If a library houses books, what kind of building makes a home for readers?

abbaye-tholonet-05-1

Since visiting Thoronet Abbeye, a ruined Cistercian Monastery in France, I have become mildly obsessed with the idea of a building providing form for, holding, a way of life.

Of course we all do this all the time in the décor of our own homes, which, however much or little we think about them, reflect who and what we are and how we live. My study is a mess because I hardly use it, simply rushing in and out, dumping things and scrabbling for stuff I can’t find. Before the advent of The Reader Organisation, when I used it all the time for writing, it was better (usually).

Thoronet, built in the 12th or 13th century, creates spirit from stone or stone from spirit (wouldn’t Russell Hoban have loved that? Read his short story, Shwartz). The whole building is a musical instrument, a sort of acoustic amplifier creating a tremendous long echo, which the monks used as a discipline, developing within it a plainsong which was slow, harmonious, layered. An evening concert there, hearing and feeling the building at work was a mightily powerful experience.

As it says, quite rightly, on Wikipedia;

 The abbey is fundamentally connected to its site, and is an exceptional example of spirituality and philosophy transformed into architecture. It is distinguished, like other Cistercian abbeys, by its purity, harmony, and lack of decoration or ornament.

After the concert we went back by day to walk around the site and see the building in its physical setting. I was struck by how far from the world it feels even now, and how many more times further away from anywhere it must have been in the 12th century. People chose to come to this remote place, and to hack rock from the ground in order to build this instrument-building so that they might feel and sing and  live in a certain way. The community they built here is an attempt to change, indeed to re-create the human world from scratch, in accordance with a set of beliefs. And I wondered, is everything we make like that?

So, back home, thinking about buildings, I’m asking myself whether our public and institutional buildings reflect us in the same way? I look at  McKinsey’s London offices  and yes, that is McKinsey. Same for the British Gas Boardroom, where SBT invited The Reader Organisation’s Managing Director, Chris Catterall, and myself to pitch for investment. I look at NESTA’s home and I think to myself – yes, that’s more or less NESTA. I look at Springwood Heath Primary School  and again, that is pretty much Springwood. Then I look at some other learning or idea or health institutions. I don’t want to name them. You will find them everywhere. But, oh dear.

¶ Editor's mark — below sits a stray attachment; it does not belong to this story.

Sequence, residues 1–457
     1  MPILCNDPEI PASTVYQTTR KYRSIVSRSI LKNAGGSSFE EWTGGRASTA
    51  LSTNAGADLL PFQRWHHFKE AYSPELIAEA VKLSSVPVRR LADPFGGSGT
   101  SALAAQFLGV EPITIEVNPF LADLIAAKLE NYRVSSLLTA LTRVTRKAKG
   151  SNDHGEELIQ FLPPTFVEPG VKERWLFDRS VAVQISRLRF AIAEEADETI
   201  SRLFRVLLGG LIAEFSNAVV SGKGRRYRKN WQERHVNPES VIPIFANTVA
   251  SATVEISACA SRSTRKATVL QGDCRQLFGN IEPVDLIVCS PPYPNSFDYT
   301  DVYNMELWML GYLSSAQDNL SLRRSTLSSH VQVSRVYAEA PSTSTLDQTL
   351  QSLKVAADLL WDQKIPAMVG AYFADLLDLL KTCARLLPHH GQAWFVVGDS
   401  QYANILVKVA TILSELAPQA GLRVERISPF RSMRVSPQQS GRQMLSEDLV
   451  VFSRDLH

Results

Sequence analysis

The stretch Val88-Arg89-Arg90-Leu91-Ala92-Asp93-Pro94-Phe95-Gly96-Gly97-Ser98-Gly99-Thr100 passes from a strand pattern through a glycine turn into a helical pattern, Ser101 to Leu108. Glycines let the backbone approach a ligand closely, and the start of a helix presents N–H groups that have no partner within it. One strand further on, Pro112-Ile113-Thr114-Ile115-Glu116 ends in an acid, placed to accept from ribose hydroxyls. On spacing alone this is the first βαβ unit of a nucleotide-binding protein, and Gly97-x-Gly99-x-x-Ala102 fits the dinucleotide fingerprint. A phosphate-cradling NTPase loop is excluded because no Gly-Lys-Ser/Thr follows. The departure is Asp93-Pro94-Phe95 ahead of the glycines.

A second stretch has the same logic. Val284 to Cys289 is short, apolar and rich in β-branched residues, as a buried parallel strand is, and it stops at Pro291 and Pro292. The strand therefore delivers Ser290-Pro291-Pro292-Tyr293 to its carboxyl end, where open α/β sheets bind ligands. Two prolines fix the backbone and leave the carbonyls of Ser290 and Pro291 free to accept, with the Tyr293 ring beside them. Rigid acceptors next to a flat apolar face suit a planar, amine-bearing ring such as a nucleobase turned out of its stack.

Is this poverty of spirit in our communal buildings about lack of money? I am remembering in my churlish way the utter quality of the toilet doors in Portcullis House, Westminster. Centuries of forests and thousands of public pounds went into them. Why do MPs and their admin teams deserve such superior shutters when patients in an inpatient mental health unit at Anyborough Hospital will have warping and wobbly-locked mdf closures? The toilet doors have in both cases been built and installed by belief as much as budget.

Can you make something good out of not much, if you believe in what you are doing? If what you are doing is not ‘getting cheapest possible doors’ but ‘building a decently secured toilet’. Isn’t it about ethos as much as economy?

As someone who has created patchwork quilts from scraps for the past 25 years, who has cooked a pan of Scouse out of what was in the kitchen that night and fed it to (my hero) Marilynne Robinson, who has furnished her homes from junk shops and auctions and Oxfam, of course I’d say yes. You do it on a wing and a prayer, or by love, or  in time and by being  creative. You do it above all by believing you can do it and that it matters how you do it.

 

Marilynne Robinson touching a beech tree in Sefton Park the day I cooked Scouse for her.
Marilynne Robinson touching a beech tree in Sefton Park the day I cooked Scouse for her.

 

We are going to make a very lovely thing  at Calderstones Mansion and a lot of it is going to be made out of belief. And if we were not The Reader Organisation, but any group of socially-minded enterprising people who had the opportunity  re-making this place, would it still be a good idea to put reading at the heart of that project?

We will be making a bistro and a shop, and a gallery, perhaps a dog walking service, a dance studio, certainly bedrooms for our residential courses and Reading Weekends, and we’ll be creating a venue on the Garden Stage, there will be a library and a second-hand bookshop, we’ll do weddings and we’ve already done a Christening and a Community lunch… and what, you might say, what does reading have to do with any of that?